According to my mother, I’m getting to that age. The age where you’re old enough to give your parents a second chance at raising a child because they screwed up the first time around. Apparently, being a single, 25 year old brown dude means that there’s something wrong with me. Uncles would always ask how my girlfriend was and I would always reply, “Which one?” They laughed and I smiled as I secretly wished for heart disease and diabetes to catch their old bodies.
It’s not like I’ve never dated before. I had my fair share of dates in school and even after. But to bring someone home to meet the barn yard animals that I call my family… it wasn’t going to happen.
My mom, bless her heart, was beginning to worry that her poor son would be alone forever. Like all South Asian mothers, her maternal instincts to be overbearing and control every aspect of my entire life kicked in.
So the questions started. Simple at first, but they got progressively more aggressive.
“Are you going to meet your friends?” she’d ask.
“You look good. Date?” she’d probe.
“When are you giving me grandchildren?!” she’d scream. She means well.
My door flung open. There was my mother, standing there with a wooden spoon covered in curry in one hand, a phone in the other and a shower cap on her head. She had a look in her eyes. A look that to this day shrivels my testes.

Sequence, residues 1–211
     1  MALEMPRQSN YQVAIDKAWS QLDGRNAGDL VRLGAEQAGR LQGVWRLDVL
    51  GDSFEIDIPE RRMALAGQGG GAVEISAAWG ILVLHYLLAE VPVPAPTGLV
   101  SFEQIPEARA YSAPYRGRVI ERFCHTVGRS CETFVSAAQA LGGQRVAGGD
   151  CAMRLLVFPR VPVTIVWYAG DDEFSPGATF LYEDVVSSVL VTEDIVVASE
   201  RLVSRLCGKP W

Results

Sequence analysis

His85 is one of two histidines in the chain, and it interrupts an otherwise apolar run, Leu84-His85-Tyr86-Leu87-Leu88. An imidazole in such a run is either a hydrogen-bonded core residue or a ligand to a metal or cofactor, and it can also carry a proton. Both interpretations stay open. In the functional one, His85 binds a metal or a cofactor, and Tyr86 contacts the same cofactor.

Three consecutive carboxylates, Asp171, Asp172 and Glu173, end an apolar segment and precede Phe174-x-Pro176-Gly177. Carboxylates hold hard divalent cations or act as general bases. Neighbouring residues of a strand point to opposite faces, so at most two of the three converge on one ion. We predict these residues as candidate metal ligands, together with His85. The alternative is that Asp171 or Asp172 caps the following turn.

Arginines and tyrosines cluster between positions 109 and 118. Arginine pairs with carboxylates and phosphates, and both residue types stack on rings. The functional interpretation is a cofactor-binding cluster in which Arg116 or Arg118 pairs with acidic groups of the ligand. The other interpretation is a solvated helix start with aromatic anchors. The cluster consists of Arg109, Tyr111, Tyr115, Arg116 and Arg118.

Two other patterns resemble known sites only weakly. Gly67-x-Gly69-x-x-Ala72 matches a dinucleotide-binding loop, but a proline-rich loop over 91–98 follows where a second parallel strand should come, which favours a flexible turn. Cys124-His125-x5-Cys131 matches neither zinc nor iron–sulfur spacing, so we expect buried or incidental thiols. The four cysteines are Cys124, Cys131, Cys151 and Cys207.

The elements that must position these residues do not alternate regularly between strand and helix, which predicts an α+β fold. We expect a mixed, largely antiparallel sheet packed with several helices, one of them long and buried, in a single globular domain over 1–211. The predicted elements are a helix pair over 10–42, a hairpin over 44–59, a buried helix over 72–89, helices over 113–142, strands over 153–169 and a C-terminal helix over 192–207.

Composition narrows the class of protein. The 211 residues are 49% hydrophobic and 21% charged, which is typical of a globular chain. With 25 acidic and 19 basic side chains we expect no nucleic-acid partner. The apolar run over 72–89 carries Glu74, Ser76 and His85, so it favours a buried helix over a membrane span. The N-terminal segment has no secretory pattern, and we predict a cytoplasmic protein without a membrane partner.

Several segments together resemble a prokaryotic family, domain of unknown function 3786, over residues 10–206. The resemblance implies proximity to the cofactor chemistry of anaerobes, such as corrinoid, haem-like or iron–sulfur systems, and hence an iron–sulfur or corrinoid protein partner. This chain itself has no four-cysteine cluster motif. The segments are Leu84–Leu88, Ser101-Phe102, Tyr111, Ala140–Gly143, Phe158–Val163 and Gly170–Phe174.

She was bride hunting and there wasn’t a soul that could stop her. She looked up at me with Bambi-like eyes. She was doing it again – that thing all moms can do with their eyes that get all their kids to do whatever they want them to do. I was in a trance.
“My baby, it’s time you found a girlfriend, uh? I know some lovely girls at the church. You meet them and then tell me who you like, okay?” she asked, but it was less of a question and more a demand.
“No”, I muttered. “I’m okay.”
“You’re not getting any younger you know?” she said. “Vat happens if you get into an accident. Who will marry you then? You have all the burns and scars on your face, you look like a ugly.”
“I-What?” I said. “Seriously?”
“I don’t know vat happens”, she said. “Please, my baby, let me find someone for you.”
“Fine”, I said. Her eyes lit up. I was out of the trance, but I realized that I may have made a terrible life choice.
Times were getting tough. Days turned into weeks and I still hadn’t heard anything from her for so long. To be perfectly honest, I was a little disappointed – maybe even a little desperate. Was I so undateable that my own mother couldn’t find someone for me? Maybe she had gotten so many proposals that she was overwhelmed? Or her standards were too high?
It had taken my mom more than three months to find someone who was brave enough to date the likes of me, the 25 year old arts degree wielding barista poet. My life read like a hipster’s Instagram bio. And right as was I was thinking about all my shortcomings as a man, she barged in wielding a letter with a picture.
“I was worried because I didn’t hear anything. I thought something was wrong with you, but I finally got a letter,” she yelled. I was too scared to even ask why she didn’t just send an email, but I didn’t want to get roped into “fixing Google” for my technologically retarded mom.
“She’s a very nice girl–”
“So she’s ugly.”
“No, she’s nice. Look!” she said as she jabbed the 8 X 10 in my face. She was actually gorgeous, a 10/10. She could be the one. I agreed. I mean, who was I to turn down a potential suitor? Not this middling poet.